Absurdly Driven looks at the world of business with a skeptical eye and a firmly rooted tongue in cheek


When you're been already branded as the America's most hated CEO, the only way is up.

Unless, of course, you rather like your new brand image and are happy to play it for all it's worth.

This is the Martin Shkreli dilemma.

The former Turing Pharmaceuticals CEO may, indeed, be a frightful example of haughty, gouging leadership.

He seemed to double down on that during a Congressional Committee hearing to discuss insanely high drug prices. He was there to offer his expert opinion.

He is something of an expert, because he raised the price of a drug called Daraprim from $13.50 to $750, this earning him worldwide derision -- which, of course, also conferred on him celebrity status.

When members of Congress asked him simple questions, however, Shkreli pleaded the Fifth Amendment. (Well, he has been charged with fraud.)

Cue righteous horror and disgust from the congresspersons.

How could this little tyke treat them this way? Who was this putrid worm who dared to utter: "I intend to follow the advice of my counsel, not yours"?

Shkreli interspersed his lack of cooperation with smirks and snorts that suggested utter contempt.

Surely he couldn't be behaving so superciliously. Perhaps he was just nervous.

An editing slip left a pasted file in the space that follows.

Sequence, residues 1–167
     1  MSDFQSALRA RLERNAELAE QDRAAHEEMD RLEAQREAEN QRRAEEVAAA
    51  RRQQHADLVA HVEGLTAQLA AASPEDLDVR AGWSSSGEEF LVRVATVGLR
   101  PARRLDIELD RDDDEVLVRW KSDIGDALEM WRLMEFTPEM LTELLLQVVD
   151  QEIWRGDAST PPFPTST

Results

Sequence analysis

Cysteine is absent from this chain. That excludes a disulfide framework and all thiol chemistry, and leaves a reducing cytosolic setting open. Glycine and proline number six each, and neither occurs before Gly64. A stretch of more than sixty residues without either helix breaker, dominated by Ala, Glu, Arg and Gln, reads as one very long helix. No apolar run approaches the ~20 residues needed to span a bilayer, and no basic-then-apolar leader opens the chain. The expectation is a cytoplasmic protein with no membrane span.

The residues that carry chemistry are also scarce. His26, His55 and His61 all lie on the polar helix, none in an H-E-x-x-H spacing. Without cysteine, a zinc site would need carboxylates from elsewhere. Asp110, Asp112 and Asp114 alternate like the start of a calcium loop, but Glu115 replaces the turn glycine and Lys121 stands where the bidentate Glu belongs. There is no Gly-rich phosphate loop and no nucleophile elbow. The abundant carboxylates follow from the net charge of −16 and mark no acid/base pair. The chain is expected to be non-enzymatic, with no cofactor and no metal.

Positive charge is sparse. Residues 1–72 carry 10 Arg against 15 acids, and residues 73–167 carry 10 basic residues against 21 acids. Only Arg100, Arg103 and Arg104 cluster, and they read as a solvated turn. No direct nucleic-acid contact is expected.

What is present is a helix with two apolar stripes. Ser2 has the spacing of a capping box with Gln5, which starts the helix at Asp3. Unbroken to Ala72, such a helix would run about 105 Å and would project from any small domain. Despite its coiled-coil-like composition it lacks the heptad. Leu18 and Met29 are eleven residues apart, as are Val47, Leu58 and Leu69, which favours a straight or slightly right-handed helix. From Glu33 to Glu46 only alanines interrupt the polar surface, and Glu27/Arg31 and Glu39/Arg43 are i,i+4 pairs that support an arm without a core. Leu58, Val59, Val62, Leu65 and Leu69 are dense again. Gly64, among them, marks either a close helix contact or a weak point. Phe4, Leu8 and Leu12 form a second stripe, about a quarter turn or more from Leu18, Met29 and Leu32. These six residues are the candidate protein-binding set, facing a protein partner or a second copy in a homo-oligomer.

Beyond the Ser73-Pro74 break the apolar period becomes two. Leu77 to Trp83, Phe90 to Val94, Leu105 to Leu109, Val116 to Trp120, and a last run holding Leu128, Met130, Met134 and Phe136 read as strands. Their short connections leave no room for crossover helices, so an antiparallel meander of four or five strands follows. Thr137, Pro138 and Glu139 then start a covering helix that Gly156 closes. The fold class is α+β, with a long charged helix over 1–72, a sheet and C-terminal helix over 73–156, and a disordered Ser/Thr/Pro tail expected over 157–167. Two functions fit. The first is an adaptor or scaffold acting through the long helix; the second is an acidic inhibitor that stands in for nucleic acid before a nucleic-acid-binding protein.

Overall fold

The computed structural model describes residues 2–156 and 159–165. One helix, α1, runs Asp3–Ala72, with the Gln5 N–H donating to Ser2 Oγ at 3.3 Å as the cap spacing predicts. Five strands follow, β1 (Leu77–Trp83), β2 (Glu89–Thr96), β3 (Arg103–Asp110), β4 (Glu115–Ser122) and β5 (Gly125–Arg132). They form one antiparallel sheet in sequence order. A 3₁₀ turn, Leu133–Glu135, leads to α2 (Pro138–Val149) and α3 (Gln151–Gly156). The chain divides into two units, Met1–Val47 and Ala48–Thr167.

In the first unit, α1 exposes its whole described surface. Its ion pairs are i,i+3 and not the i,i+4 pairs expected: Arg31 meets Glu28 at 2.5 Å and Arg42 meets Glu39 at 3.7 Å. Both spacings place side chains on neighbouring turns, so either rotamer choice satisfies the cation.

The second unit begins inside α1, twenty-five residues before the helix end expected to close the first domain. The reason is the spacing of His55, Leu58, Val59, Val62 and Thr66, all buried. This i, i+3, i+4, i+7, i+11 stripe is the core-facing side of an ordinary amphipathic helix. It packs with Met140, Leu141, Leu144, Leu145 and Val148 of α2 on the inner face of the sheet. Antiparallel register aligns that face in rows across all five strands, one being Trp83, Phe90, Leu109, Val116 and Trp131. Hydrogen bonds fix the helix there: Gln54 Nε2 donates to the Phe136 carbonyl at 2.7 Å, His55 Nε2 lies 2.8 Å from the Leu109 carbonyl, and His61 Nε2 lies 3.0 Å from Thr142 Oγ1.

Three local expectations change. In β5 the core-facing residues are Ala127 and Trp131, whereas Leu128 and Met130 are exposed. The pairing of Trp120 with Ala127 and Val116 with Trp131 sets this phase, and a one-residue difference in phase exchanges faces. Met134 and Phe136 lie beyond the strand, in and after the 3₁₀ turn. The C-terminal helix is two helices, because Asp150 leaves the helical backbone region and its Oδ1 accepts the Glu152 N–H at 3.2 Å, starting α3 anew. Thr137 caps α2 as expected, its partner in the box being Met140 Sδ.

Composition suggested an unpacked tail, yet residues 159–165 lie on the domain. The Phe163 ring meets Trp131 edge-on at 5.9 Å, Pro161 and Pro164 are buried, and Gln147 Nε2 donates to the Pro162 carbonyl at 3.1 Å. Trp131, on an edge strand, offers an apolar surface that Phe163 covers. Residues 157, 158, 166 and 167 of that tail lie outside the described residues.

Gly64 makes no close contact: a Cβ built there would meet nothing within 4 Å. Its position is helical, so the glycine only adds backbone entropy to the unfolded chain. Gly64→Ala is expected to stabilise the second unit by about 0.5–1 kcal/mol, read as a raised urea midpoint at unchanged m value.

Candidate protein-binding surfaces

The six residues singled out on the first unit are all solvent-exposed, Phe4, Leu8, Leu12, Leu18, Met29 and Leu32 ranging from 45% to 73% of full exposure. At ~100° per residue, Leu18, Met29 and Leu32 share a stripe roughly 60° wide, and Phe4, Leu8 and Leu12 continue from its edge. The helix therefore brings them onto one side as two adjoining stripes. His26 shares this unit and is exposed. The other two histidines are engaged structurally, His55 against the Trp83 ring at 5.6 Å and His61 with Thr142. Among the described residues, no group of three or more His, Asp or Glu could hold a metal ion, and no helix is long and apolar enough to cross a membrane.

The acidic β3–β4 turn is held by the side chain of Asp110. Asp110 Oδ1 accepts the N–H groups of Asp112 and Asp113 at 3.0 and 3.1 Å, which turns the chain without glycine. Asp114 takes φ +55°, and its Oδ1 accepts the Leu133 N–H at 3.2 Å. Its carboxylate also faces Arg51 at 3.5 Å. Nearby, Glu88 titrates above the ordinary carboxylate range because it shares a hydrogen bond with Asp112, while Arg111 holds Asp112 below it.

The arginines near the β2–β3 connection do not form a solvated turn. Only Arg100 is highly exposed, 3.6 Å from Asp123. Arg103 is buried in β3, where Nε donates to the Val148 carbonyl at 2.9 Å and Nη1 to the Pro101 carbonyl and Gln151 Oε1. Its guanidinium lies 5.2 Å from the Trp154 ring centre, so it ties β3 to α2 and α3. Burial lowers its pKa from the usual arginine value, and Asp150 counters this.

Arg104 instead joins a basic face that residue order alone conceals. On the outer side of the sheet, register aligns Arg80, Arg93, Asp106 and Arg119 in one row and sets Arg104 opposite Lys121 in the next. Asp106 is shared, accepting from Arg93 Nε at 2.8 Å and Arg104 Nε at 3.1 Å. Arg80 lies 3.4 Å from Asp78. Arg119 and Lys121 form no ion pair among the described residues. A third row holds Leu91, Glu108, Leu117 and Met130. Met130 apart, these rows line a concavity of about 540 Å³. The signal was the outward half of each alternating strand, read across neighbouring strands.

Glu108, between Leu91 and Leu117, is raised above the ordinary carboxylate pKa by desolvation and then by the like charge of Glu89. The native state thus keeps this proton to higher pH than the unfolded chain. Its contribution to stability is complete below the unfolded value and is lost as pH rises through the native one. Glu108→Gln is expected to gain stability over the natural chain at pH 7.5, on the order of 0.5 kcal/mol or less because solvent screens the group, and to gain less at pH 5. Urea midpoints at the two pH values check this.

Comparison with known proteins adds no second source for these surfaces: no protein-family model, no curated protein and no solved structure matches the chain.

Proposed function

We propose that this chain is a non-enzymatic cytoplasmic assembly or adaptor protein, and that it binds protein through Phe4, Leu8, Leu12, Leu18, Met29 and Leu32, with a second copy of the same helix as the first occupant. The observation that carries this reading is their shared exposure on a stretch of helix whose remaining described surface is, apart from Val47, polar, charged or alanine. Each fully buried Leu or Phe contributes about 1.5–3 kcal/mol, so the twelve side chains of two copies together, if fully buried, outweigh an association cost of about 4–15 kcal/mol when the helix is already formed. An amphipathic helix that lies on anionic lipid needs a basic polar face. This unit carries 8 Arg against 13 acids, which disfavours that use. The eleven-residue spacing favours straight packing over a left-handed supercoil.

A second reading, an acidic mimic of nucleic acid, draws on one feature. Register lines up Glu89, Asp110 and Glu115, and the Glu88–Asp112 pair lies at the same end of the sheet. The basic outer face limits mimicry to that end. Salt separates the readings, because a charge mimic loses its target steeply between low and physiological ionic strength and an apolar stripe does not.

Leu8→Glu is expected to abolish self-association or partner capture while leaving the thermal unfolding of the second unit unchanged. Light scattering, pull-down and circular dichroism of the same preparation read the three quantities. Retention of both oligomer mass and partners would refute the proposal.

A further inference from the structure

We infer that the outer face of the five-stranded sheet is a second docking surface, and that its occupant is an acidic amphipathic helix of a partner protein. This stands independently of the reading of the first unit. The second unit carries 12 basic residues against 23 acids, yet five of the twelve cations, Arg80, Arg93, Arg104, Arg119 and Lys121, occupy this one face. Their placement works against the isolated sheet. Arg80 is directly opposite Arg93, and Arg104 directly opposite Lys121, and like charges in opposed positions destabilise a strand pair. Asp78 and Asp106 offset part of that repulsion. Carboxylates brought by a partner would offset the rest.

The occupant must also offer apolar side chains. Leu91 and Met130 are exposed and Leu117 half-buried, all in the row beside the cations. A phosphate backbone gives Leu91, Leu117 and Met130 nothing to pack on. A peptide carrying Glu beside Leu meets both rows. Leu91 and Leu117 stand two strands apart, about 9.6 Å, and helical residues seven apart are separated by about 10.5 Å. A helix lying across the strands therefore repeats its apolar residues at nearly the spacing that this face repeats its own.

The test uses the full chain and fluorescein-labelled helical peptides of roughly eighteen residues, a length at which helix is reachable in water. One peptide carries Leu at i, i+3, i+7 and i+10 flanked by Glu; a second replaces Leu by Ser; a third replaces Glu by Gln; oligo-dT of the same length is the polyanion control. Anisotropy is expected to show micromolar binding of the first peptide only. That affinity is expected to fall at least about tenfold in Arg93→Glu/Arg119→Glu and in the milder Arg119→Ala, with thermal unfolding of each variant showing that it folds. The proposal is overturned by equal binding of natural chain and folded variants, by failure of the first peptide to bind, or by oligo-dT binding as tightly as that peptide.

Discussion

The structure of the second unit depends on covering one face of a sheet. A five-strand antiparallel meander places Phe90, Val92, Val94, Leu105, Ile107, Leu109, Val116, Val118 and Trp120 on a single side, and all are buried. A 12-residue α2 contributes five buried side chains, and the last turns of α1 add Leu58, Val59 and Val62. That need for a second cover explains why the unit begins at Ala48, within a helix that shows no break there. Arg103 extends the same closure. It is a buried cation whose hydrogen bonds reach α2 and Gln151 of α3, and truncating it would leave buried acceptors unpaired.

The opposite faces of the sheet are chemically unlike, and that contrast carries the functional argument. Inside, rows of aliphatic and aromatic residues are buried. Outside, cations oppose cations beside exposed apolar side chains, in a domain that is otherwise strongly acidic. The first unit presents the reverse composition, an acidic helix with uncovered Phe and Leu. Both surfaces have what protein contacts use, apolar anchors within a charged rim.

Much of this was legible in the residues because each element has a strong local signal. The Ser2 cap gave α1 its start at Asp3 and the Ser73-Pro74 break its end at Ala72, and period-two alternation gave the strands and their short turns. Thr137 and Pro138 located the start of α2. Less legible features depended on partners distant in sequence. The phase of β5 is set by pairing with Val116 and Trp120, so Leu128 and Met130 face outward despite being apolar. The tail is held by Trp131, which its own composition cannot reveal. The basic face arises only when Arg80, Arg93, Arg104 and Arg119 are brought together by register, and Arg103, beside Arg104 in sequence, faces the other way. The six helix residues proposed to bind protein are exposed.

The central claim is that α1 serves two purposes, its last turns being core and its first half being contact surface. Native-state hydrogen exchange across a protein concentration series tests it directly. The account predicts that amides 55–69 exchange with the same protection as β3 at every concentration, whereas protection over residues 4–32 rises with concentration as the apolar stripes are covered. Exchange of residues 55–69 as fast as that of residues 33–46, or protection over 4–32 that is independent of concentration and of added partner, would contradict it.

Not quite.

For he wafted to Twitter to offer an actual unscripted translation of his gestures : "Hard to accept that these imbeciles represent the people in our government."

You can still hear the pained outcry of those who couldn't believe such oafishness, can't you?

I wonder, though, whether Shkreli was merely echoing what so many entrepreneurs and CEOs actually think -- that government is a bloated, pork-filled, self-regarding, myopic, regressive, do-nothing gabhouse that contributes a vast zippo to America but wind.

After all, business people pay off politicians to either prevent them from passing laws that don't suit business or to "persuade" them to pass laws that do.

Donald Trump is merely one who gleefully explains how it's possible to get politicians to, say, come to your wedding.

Worse, though, haven't business people become so exasperated with government that they think the only way to change it is to actually get elected themselves?

How many times have we heard candidates explain that government has to be run like a business and they are the fine business people to do it?

How often do you think that executives on Wall Street and Silicon Valley titter into their breakfasts as they watch congresspeople decide they'd rather close down the government than, you know, make a positive, helpful decision?

You might find Shkreli odious, despicable, and frightfully worm-like. It's not difficult.

But isn't there at least a certain honesty in his contempt?

And isn't it slightly better television than watching Mark McGwire repeat over and over again that he's not here to talk about the past?

That's what we care about the most, right? The optics.